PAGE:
• Supportsustainablemum reflects on how the differences between her relationship with her siblings and her husband's have affected their family and at a time of need.
  • Peas in a Pod — Kellie at Our Mindful Life enjoys the special relationship her oldest two children share.
  • Lessening the competitive enviornment in the homeLisa at The Squishable Baby discusses how downplaying competition in the home has led to cooperation, not competition.
  • The complex and wonderful world of siblings — Lauren at Hobo Mamareflects on her choices to have not too many children, spaced far apart — and how that's maybe limited how close their sibling relationship can be.
  • 5 Ways to Help Young Siblings Have a Loving Relationship — Charise I Thought I Knew Mama shares the strategies that help her three year old and 14 month old have a somewhat beautiful relationship and aid in keeping peace in their home.
  • 4 Steps to Encourage Sibling Revelry, even in Hot Moments of Rivalry — Sheila Pai of A Living Family share 4 Steps she uses to shift hot moments of sibling rivalry towards connected moments of sibling revelry and human compassion.
  • Twins Are Fun — Mercedes at Project Procrastinot witnesses the development of her twins' sibling bond.
  • Growing Up Together- Sibling Revelry in Our House — Amy at Me, Mothering, and Making it All Work realizes that there is great utility in raising siblings that are close in age, and is grateful to have been blessed with healthy siblings that both love and challenge one another every day.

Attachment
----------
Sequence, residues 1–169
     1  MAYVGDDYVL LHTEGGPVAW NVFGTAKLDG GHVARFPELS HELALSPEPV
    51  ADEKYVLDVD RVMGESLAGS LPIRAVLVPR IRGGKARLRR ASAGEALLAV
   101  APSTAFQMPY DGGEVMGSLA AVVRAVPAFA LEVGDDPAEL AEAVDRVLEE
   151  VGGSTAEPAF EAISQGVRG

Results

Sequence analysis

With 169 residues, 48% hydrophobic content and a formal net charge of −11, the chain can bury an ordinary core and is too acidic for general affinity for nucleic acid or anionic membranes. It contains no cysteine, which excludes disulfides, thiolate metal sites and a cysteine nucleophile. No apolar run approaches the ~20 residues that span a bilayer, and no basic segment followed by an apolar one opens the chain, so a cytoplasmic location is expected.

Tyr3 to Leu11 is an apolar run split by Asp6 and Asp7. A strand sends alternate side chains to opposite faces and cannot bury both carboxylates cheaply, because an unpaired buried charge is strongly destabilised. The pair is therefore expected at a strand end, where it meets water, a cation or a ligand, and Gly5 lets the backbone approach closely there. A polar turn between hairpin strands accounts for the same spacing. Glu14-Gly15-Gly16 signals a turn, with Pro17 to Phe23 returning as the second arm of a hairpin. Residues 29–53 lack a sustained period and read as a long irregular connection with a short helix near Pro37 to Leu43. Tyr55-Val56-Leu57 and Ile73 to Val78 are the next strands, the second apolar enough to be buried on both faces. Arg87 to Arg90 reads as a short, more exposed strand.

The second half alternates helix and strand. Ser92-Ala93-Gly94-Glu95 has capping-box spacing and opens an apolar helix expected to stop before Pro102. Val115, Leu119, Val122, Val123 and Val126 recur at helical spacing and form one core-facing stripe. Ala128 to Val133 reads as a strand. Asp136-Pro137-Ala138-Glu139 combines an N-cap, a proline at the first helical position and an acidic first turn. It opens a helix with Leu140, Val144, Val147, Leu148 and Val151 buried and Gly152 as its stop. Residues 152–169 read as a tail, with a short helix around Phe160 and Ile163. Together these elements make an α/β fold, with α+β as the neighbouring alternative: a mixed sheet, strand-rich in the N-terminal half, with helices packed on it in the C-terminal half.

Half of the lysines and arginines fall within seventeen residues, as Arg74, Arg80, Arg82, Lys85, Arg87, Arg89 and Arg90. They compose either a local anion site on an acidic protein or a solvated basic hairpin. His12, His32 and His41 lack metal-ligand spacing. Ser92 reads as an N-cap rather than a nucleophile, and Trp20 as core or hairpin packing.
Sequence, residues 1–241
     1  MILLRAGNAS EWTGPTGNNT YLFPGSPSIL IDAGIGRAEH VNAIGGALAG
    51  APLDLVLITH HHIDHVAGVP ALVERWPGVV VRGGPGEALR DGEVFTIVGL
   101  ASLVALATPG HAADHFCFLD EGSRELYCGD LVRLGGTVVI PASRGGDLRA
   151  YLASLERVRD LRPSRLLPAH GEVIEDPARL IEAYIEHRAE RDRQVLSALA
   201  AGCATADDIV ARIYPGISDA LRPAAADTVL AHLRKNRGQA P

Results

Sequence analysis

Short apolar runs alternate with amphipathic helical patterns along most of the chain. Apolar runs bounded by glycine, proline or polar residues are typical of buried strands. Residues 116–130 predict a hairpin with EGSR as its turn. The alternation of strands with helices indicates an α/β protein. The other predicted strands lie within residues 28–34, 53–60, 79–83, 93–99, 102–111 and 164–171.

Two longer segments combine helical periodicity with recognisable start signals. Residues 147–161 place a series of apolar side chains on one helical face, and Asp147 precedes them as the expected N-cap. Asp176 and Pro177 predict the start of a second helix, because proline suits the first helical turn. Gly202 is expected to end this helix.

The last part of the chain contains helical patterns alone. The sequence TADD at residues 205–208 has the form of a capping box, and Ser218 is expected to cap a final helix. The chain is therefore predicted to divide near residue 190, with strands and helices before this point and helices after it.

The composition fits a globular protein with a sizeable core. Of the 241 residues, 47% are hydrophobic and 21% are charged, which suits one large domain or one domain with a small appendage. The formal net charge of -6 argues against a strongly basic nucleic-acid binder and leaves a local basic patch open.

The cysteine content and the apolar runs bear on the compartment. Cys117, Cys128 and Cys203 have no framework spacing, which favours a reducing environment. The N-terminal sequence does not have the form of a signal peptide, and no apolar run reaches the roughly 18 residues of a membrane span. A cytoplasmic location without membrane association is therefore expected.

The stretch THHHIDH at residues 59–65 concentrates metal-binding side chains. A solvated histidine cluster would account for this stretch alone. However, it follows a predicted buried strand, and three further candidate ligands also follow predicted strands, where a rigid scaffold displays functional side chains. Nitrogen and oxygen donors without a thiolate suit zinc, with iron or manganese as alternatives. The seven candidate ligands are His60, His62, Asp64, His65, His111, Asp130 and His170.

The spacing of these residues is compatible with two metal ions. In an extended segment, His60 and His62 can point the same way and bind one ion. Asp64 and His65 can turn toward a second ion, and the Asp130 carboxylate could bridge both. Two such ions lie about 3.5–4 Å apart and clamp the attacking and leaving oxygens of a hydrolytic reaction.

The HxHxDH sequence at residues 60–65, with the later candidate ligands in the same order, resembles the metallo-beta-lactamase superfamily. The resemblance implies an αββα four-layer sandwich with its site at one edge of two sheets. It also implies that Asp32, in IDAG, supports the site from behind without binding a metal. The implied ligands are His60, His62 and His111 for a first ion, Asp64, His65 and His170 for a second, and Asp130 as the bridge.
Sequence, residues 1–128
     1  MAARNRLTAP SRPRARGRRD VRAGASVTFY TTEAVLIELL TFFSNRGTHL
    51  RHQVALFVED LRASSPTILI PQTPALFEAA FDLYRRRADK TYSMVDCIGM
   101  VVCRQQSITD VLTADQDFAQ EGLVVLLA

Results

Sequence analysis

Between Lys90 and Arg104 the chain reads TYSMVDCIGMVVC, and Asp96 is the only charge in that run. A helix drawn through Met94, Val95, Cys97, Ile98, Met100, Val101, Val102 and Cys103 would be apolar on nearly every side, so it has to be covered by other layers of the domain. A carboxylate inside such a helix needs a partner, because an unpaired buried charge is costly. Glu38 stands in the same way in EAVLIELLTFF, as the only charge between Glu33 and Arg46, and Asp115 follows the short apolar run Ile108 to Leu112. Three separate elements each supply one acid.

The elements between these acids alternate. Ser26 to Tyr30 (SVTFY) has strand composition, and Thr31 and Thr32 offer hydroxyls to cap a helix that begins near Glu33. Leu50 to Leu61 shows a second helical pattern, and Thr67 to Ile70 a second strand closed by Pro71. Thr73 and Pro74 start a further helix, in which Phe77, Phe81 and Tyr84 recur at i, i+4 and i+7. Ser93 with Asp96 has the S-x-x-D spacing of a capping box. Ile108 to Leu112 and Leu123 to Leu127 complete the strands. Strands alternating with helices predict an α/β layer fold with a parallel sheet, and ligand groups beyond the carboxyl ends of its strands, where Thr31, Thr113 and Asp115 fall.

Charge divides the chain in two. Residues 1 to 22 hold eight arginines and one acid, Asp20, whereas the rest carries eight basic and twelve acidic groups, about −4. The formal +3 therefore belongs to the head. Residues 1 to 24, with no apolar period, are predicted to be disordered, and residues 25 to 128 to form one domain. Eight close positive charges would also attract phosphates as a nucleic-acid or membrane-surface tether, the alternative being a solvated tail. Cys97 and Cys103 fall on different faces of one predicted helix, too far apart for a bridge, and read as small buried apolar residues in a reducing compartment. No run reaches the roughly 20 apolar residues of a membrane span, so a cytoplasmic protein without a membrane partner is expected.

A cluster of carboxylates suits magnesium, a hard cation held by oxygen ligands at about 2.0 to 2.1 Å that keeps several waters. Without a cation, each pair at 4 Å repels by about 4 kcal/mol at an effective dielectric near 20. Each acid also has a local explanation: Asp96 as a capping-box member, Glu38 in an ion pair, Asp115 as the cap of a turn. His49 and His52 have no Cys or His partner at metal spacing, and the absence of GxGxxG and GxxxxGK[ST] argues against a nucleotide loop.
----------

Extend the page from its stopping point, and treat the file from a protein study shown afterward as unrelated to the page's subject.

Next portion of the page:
• Top 5 Ways to Reduce Sibling Rivalry — Deb Chitwood at Living Montessori Now shares ideas that helped her two children be best friends along with Montessori resources for peace education and conflict resolution.
  • Sibling Uncertainty — Alisha at Cinnamon and Sassafras wonders how her children's relationship will change now that the baby is mobile.
  • Living with the Longing — Rachael at The Variegated Life sees that she can live with her longing for another — without changing her plans.
  • For My One and Only DaughterPlaying for Peace mommy reflects on her choice to not have more children in order to focus on other dreams.
  • Siblings: A Crash Course in Relationship Training — How have your siblings prepared you for later relationships? One of Dionna at Code Name: Mama's top priorities as mama of siblings is to help them learn how to navigate relationships.
  • The Joys of Siblings: An Inside Joke — Ana at Panda & Ananaso shares the a glimpse into the joys of having siblings through sharing a perplexing yet hilarious inside joke betwixt her and her own.